slow morning

How to Create a Slow Morning Routine for Quiet Days

14 October 2019 | by Gina Lucia

Here at Limit Breaker, I like to be realistic. I know the slow living movement isn’t within reach to most people every day of the week. I also know, however, making time for ‘slow’ is important in a fast-paced world.

When is a slow morning realistic?

When it comes to creating a slow morning routine, I understand the majority of people don’t have time to even think about putting a plan into action. This is why I’ve specifically titled this article ‘develop a slow morning routine for quiet days’, emphasis on the quiet.

When you have deadlines, you’re in a rush, or simply stressed from the day-to-day goings-on in your household, the last thing you’re going to be thinking about is how you’re going to intentionally make a cup of coffee. Instead, you’re going to be mixing up some instant and running out the door.

If you’re feeling that statement then I advise planning for slow mornings when your days are quiet. This could be after a big project launch, when your kids are away on a school trip, or simply a lazy Sunday. 

Why plan for slow mornings?

It’s simple, slow mornings allow for rest. When we wake up and go go go, our mind and body don’t have a chance to catch up. Our lives are already filled with information overload, commitments, responsibilities and hardly any time to think. These slow mornings give you the breathing space to take stock, chill and recharge for those much more busy mornings.

Why not every day?

Besides being unrealistic for the majority of people (if it’s realistic for you – go for it!), when done every day, a slow morning no longer becomes slow, it just becomes a morning.

This is ideal if you can feasibly fit it in, but the slowness acts as a contrast to your normal daily life – when done all the time, that contrast is no longer there. The effect of the break isn’t as obvious.

morning routine

How to develop your slow morning routine

I’m not here to tell you how to live your life, your morning routine should be completely tailored to you. So let’s just ignore all the advice telling you to meditate or make drip-filtered coffee and let’s create something that’s yours.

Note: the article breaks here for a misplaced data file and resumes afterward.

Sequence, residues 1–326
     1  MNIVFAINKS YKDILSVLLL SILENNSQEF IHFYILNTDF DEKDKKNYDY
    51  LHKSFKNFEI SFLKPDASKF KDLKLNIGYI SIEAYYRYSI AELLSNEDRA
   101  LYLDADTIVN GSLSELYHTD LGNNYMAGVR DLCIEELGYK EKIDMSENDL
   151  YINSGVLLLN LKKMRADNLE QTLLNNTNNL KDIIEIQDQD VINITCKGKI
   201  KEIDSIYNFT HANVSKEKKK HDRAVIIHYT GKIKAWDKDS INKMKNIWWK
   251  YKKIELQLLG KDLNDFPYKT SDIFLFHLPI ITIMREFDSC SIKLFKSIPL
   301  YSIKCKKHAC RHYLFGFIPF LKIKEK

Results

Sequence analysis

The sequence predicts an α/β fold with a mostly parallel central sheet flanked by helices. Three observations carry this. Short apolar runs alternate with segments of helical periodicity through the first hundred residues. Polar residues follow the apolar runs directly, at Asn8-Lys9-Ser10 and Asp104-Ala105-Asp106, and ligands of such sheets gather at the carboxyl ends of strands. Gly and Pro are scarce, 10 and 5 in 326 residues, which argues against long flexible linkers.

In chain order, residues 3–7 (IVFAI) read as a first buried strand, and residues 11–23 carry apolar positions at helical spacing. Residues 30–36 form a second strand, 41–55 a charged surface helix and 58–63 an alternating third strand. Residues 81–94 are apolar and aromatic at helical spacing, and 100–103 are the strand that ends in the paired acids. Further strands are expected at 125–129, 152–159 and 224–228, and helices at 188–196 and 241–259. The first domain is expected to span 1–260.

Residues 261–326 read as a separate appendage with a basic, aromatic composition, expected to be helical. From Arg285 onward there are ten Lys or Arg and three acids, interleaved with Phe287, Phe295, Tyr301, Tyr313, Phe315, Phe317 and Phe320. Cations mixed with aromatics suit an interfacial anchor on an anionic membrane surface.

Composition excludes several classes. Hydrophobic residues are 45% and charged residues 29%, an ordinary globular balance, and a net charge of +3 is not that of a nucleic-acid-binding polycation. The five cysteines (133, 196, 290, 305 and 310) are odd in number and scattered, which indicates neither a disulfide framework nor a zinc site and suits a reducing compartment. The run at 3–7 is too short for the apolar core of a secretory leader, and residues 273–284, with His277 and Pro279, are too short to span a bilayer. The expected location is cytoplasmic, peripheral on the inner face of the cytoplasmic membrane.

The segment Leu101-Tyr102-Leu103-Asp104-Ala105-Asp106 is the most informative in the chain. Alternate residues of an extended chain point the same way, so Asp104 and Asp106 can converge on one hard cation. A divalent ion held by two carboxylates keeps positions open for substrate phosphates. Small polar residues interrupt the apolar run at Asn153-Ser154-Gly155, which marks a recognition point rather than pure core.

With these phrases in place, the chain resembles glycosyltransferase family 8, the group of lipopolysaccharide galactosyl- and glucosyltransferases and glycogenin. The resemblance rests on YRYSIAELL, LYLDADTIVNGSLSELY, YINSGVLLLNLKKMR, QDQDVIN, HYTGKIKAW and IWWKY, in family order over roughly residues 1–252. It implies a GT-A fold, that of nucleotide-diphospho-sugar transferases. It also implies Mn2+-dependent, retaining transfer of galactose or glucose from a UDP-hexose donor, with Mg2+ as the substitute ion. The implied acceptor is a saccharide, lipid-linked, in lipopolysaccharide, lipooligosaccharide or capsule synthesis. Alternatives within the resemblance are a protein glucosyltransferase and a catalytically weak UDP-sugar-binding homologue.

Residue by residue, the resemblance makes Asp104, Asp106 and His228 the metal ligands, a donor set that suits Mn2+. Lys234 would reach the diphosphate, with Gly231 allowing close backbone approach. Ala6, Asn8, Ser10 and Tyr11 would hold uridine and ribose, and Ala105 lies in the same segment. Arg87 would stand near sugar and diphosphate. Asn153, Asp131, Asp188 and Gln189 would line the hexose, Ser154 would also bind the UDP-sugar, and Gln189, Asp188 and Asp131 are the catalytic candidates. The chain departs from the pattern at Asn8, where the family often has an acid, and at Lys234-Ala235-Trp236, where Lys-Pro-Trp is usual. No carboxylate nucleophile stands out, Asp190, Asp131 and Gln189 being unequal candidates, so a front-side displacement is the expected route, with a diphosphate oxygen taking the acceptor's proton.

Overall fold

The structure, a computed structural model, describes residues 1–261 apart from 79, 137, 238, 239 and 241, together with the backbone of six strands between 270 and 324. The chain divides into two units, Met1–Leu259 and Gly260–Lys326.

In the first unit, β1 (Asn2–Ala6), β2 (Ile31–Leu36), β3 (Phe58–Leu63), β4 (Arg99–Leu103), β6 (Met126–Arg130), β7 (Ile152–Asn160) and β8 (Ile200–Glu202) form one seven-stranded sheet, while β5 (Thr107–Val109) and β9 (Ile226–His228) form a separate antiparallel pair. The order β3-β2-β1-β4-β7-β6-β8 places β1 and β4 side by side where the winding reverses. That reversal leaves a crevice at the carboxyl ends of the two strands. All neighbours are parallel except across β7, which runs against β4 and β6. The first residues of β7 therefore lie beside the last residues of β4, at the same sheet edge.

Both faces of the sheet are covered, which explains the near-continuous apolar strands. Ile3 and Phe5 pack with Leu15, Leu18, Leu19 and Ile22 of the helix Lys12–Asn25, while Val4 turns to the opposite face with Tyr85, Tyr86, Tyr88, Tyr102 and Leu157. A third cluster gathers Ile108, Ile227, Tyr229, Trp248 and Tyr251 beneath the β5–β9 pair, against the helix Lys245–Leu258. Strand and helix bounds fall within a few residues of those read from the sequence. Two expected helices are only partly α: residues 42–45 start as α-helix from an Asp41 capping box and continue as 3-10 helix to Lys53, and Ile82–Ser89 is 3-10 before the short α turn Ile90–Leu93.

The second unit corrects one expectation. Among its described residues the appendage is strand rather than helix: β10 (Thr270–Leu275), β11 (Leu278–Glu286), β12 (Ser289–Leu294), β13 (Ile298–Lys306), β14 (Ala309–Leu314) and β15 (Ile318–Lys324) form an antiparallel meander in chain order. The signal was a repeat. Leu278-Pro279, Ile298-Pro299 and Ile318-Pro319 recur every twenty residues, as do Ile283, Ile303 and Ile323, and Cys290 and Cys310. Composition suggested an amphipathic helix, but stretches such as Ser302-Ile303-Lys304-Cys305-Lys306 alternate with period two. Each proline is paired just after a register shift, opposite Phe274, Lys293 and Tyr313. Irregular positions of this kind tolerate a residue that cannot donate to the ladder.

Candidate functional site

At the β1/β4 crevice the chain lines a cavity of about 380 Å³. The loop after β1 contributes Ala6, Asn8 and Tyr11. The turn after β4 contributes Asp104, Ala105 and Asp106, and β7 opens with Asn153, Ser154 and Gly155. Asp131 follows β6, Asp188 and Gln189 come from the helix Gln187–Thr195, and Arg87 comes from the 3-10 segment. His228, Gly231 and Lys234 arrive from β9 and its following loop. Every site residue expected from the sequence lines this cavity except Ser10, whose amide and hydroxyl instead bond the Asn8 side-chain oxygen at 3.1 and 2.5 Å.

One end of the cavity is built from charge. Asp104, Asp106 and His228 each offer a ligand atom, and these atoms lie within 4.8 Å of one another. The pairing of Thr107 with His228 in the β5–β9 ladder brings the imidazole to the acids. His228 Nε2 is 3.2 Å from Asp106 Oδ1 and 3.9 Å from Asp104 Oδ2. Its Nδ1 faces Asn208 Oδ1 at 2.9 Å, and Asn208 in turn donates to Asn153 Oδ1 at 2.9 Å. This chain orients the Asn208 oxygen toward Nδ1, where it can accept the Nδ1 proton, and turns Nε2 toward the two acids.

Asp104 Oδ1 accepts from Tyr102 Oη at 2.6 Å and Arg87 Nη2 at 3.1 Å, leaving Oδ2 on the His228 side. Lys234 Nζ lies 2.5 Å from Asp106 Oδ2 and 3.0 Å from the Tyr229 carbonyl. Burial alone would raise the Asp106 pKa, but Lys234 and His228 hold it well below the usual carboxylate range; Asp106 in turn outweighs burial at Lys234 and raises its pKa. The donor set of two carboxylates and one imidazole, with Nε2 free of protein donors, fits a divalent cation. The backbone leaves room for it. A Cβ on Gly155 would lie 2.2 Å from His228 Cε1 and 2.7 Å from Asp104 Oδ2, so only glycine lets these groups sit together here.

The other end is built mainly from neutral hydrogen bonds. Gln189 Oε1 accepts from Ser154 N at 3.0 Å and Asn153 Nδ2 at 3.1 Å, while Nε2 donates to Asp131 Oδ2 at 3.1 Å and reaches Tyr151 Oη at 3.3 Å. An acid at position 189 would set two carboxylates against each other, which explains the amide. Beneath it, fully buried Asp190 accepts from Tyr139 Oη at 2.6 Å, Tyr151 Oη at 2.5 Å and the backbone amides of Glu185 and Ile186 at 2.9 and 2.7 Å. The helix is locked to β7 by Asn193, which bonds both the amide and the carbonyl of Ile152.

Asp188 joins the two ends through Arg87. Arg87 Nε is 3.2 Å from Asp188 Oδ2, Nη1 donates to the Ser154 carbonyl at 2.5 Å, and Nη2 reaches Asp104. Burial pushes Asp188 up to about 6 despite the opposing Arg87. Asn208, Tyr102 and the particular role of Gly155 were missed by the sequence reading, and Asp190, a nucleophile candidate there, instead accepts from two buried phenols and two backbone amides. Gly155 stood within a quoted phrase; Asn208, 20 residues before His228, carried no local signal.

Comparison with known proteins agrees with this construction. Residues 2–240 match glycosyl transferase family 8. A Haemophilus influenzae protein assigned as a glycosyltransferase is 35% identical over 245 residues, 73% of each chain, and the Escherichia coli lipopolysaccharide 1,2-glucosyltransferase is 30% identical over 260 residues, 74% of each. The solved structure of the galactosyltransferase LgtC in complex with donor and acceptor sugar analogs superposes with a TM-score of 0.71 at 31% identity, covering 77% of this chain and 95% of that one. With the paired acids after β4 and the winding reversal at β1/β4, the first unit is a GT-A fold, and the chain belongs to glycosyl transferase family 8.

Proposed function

Below are four questions to answer before you start your slow morning. These would ideally be thought about the day before so that you can make the most of it. 

Here they are in short, I’ll go into some more detail after:

  1. What will you prioritise?
  2. When will you wake up?
  3. What aspects of your morning do you want to do slowly?
  4. Is there one thing you’d like to do that you usually don’t have time for on busy days?

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do morning slowly

1. What will you prioritise?

Slow mornings are all about intention. Your choices on this morning will determine how you feel for the rest of the day. 

Prioritise what you want to focus on, it could be any of the following:

  • Sleep
  • Rest
  • Reflection
  • Quiet
  • Writing
  • Movement
  • Calm
sleep routine

2. When will you wake up?

The time you wake up is crucial to planning the types of things you want to do in your slow morning and how long they take.

You may be in a position to sleep in a little longer than usual to catch up on rest. In which case, sleep is likely one of your priorities. If not, your wake up time may mean you can lengthen your slow morning to finish a little later and give yourself enough time to go ‘slow’.

slow breakfast

3. What aspects of your morning do you want to do slowly?

We know that a slow morning generally means doing things with a little more intention, but we can’t possibly do every aspect of our slow morning slowly. That would turn a slow morning, into a slow day.

So, have a think about which aspects of your morning you want to do slowly. Do you want to take longer with your skin routine, making your bed, spending time with loved ones, writing, making breakfast, or coffee? Pick a few things you’d like to focus on and plan for doing them.

reading morning

4. Is there one thing you’d like to do that you usually don’t have time for on busy days?

This question is a simple reminder that on slow mornings, you have more time for the things you usually rush or don’t have time for.